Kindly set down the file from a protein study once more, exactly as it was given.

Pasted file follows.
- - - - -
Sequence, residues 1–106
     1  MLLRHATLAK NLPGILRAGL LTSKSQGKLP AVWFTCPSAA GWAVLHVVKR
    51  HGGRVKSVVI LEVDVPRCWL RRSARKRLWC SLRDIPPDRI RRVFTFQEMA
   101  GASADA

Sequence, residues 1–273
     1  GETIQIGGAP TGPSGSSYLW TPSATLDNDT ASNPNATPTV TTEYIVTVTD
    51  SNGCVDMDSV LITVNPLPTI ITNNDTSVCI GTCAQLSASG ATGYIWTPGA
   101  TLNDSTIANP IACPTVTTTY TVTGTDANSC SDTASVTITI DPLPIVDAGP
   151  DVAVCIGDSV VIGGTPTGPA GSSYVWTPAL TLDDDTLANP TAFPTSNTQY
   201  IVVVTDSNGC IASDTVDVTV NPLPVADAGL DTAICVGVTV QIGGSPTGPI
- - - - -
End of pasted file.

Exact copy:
Sequence, residues 1–106
     1  MLLRHATLAK NLPGILRAGL LTSKSQGKLP AVWFTCPSAA GWAVLHVVKR
    51  HGGRVKSVVI LEVDVPRCWL RRSARKRLWC SLRDIPPDRI RRVFTFQEMA
   101  GASADA

Sequence, residues 1–273
     1  GETIQIGGAP TGPSGSSYLW TPSATLDNDT ASNPNATPTV TTEYIVTVTD
    51  SNGCVDMDSV LITVNPLPTI ITNNDTSVCI GTCAQLSASG ATGYIWTPGA
   101  TLNDSTIANP IACPTVTTTY TVTGTDANSC SDTASVTITI DPLPIVDAGP
   151  DVAVCIGDSV VIGGTPTGPA GSSYVWTPAL TLDDDTLANP TAFPTSNTQY
   201  IVVVTDSNGC IASDTVDVTV NPLPVADAGL DTAICVGVTV QIGGSPTGPI